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Horseshoe Bats: Rhinolophidae

Horseshoe Bats And People

People have caused the decline in many species of horseshoe bats by destroying their habitat. Altering or disturbing these bats' habitat can indirectly reduce their prey. The use of insecticides, a chemical used to kill or control insects, has also reduced the population of the bats' prey.

SPECIES RECOVERY

With a population that has dwindled down to an estimated 5,000 individuals, the greater horseshoes are one of England's most rare bats. Concerned about extinction, the country has taken steps to help this species once again flourish. In 1998 the English Nature Greater Horseshoe Bat Project was launched with the prime goal to increase the species population by 25 percent by the year 2010. With awareness, education, and specially designated roosting sites, the number of recorded births in 2003 had reached record levels (228). Warmer winters and a reduction in the use of chemicals and pesticides in farming also contributed to population growth.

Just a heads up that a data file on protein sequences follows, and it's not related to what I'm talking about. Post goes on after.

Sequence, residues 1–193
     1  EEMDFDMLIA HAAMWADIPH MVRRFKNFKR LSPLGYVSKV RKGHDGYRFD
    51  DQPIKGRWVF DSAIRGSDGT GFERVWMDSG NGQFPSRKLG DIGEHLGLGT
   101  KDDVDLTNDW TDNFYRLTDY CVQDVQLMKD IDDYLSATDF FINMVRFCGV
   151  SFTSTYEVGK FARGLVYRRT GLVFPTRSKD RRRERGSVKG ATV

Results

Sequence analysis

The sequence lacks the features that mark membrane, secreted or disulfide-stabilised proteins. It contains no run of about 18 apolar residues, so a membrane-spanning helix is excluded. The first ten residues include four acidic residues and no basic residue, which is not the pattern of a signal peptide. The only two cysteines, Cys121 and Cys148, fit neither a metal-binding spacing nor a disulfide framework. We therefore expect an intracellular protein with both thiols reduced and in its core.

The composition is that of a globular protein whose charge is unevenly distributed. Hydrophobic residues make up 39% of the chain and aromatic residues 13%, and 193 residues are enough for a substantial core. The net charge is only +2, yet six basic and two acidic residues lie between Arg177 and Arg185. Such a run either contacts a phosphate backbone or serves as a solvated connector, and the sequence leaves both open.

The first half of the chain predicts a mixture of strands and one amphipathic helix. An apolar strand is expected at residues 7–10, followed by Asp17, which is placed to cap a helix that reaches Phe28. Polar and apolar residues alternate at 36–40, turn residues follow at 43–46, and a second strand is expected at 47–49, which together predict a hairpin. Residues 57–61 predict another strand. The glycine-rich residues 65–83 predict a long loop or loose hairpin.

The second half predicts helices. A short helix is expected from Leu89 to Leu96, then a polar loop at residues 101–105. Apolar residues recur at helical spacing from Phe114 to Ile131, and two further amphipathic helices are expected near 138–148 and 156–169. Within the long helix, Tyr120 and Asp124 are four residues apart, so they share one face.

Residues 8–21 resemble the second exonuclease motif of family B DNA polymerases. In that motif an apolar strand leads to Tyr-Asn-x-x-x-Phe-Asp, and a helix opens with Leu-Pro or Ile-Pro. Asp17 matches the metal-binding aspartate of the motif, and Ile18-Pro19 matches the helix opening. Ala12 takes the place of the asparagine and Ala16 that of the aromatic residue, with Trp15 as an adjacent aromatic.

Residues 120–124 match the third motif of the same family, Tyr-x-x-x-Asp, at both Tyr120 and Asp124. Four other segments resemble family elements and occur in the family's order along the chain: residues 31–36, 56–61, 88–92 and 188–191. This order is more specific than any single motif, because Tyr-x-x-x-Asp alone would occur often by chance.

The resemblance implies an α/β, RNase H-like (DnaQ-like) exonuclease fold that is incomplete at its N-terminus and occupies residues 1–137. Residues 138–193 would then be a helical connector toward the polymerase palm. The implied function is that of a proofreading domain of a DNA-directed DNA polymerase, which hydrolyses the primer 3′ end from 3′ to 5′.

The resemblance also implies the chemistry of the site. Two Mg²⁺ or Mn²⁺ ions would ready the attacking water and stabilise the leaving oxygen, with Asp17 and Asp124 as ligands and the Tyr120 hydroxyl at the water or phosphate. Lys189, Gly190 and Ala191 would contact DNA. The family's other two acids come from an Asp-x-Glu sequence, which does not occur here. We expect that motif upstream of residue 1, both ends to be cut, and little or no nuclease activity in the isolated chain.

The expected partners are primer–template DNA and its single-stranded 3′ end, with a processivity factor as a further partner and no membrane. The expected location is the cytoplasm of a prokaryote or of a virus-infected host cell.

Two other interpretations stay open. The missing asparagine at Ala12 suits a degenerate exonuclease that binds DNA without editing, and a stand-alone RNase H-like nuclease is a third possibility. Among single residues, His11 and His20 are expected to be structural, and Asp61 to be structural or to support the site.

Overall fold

Additional topics

Animal Life ResourceMammalsHorseshoe Bats: Rhinolophidae - Physical Characteristics, Habitat, Behavior And Reproduction, Horseshoe Bats And People, Conservation Status, Greater Horseshoe Bat (rhinolophus Ferrumequinum): Species Accounts - GEOGRAPHIC RANGE, DIET